The Well-Tempered Ear

Classical music review: Liszt isn’t a great composer, but pianist Alice Sarah Ott makes him sound like one in her new CD of the “Transcendental Etudes”

August 11, 2010

By Jacob Stockinger

I have to be honest. I am one of those people who consider Franz Liszt a great pianist — but only a good or very good composer.

Is Liszt a great composer? I don’t think so. I just can’t honestly rank him with Bach, Handel or Vivaldi; Mozart or Haydn; Beethoven or Schubert; Schumann or Chopin; Brahms or Dvorak; Mahler or Stravinsky; Prokofiev or Shostakovich.

True, Liszt (below in a photo) composed some terrific music that I love to hear, including the Sonata in B minor, some of the “Years of Pilgrimage,” some of the austere or impressionistic late works, the two piano concertos and the three Petrarch Sonnets plus a few Hungarian Rhapsodies and some of his concert etudes as well as the overplayed “Consolation No. 3” and “Liebestraum.”

But overall, for me Liszt occupies substantially the same place – except a level or two higher — as his own mentor and paragon of virtuosity, Nicolo Paganini, whose work also always seems to me more interesting for the violin playing than for the music.

All the more reason, then, that I am struck by the new recording of his “Transcendental Etudes” by the young pianist Alice Sarah Ott.

The label, Deutsche Grammophon, is billing this as her second recording after her recording of the complete Chopin waltzes. But the truth is that this Liszt album was really her DG debut when it enjoyed a selected release in Australian and Asia.

Here is a link to a website launch:

But forget matters of chronology and marketing.

Here’s the thing: Ott does for Liszt etudes what Sviatoslav Richter used to do for Rachmaninoff preludes: Make them sound like better music than they are.

Ott’s virtuosity and finger work are impeccable. She never sounds as if she is straining, and apparently she has performed the complete etude set several times to critical and audience acclaim.

I have my favorites among the etudes. I love the “Prelude,” “Paysage” (Landscape), “Ricordanza” (Reminiscences). “Eroica” and “Harmonies du soir” (Evening harmonies). Most of the others strike me bloated. too busy and melodramatic.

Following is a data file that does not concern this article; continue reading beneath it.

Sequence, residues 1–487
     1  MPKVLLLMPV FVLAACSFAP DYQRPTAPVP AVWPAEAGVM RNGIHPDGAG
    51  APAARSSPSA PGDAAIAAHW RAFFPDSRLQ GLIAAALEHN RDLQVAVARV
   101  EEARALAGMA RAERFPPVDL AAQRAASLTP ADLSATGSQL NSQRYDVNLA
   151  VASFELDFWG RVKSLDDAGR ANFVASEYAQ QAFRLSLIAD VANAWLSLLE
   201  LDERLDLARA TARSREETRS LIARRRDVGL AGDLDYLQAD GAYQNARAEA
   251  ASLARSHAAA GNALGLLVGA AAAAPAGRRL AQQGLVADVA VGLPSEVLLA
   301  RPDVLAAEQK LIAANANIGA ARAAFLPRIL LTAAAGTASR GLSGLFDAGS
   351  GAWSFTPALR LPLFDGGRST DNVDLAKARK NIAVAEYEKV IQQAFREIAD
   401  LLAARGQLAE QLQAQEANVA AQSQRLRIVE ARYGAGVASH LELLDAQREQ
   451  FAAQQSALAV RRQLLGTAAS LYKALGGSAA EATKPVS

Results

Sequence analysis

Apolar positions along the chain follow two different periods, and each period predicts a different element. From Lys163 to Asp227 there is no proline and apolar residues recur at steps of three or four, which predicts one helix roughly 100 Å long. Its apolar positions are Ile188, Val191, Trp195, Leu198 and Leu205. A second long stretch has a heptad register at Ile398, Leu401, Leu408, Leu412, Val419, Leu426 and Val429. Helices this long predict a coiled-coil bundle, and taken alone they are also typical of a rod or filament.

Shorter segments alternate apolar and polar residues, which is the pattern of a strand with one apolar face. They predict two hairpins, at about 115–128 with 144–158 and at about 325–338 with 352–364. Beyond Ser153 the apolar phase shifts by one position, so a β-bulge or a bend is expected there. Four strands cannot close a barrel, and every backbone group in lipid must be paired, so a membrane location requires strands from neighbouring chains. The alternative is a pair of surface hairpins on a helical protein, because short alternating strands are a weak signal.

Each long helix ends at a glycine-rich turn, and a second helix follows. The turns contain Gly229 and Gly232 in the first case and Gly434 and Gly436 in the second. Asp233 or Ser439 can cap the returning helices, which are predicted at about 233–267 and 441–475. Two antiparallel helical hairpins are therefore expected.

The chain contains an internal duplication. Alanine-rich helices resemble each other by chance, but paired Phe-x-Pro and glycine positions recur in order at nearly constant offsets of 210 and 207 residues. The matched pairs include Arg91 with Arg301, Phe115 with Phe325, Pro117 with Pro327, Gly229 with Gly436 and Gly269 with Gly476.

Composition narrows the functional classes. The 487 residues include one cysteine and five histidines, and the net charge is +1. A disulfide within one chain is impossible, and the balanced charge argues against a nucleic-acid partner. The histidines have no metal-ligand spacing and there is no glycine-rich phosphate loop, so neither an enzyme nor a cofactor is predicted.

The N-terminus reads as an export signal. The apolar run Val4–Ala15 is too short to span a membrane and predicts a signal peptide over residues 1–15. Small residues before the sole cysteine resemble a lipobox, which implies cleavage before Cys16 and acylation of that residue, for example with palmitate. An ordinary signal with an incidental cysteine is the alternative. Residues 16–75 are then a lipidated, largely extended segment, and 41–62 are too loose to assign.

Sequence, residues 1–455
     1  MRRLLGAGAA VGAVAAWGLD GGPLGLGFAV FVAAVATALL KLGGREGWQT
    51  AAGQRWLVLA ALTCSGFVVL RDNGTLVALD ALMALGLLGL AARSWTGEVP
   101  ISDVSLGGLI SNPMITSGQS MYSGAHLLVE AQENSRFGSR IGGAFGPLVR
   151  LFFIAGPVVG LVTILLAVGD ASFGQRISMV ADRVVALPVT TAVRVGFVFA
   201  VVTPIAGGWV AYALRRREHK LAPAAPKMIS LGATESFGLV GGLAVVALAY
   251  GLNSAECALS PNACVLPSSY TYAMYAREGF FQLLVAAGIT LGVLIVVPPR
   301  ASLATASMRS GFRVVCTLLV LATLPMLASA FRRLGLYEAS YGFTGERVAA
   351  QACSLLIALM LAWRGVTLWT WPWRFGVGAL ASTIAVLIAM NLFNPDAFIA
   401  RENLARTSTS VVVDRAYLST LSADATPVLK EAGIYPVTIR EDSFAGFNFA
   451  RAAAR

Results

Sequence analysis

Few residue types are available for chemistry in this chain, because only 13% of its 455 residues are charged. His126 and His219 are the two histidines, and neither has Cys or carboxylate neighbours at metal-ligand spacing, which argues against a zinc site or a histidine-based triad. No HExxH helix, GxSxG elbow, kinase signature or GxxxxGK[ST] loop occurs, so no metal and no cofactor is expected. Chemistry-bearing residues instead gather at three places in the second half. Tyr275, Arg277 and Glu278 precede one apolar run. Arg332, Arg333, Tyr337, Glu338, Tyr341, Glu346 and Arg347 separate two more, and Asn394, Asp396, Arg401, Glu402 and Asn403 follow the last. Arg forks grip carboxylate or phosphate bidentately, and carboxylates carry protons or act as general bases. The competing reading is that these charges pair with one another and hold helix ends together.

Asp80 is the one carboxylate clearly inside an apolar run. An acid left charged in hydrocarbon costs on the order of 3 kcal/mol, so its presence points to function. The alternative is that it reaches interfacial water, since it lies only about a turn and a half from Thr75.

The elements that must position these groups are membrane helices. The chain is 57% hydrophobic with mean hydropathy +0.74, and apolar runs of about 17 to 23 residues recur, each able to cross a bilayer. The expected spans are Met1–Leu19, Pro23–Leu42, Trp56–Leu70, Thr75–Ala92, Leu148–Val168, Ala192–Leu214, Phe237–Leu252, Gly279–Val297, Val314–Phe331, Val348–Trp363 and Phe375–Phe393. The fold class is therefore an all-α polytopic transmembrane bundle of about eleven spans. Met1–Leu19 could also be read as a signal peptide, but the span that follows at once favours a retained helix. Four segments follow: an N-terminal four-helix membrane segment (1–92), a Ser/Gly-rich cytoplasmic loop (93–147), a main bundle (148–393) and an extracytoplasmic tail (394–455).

Still, in all 12 etudes Ott, who possesses plenty of strength,  opts for subtlety and softness whenever she can. She avoids pounding and flashy displays. And that makes her recording a model of Liszt playing at least to my ears. I can’t imagine a more musical playing of these etudes, although I am suree they could be done with more showmanship.

Most of all, Ott brings a wide range of orchestral color and tone to the works, which too easily descend into top-flight piano pedagogy and wow’em pieces of music.

More than virtuosity, it is the musicianship and musicality that make this Liszt CD memorable for me. It is a fine way to start celebrating the Liszt bicentennial, which will take place in 2011.

Now, I feel the same way about Ott than I feel about Yuja Wang. I would like to hear both of these rising young stars in more musical and less flashy classical repertoire: Bach suites and partitas, Mozart and Haydn sonatas, Schubert and Beethoven sonatas, Chopin ballades and mazurkas, Brahms intermezzi.

It’s all in the future, a very bright future I think, for this very promising German-Japanese talent.

Here is a sample of Ott’s Liszt, an excerpt from the final “Transcendental Etude” which is “Chasse neige”:

And here she is playing the more musical, familiar and listenable “Paganini Etude” titled “La Campanella” (The Bell Tower):

What do you think of Alice Sarah Ott’s Chopin and her Liszt?

What do you think of Liszt in general?

Is Liszt a great composer or not? Why do you think so?

The Ear wants to hear.

Posted in Classical music

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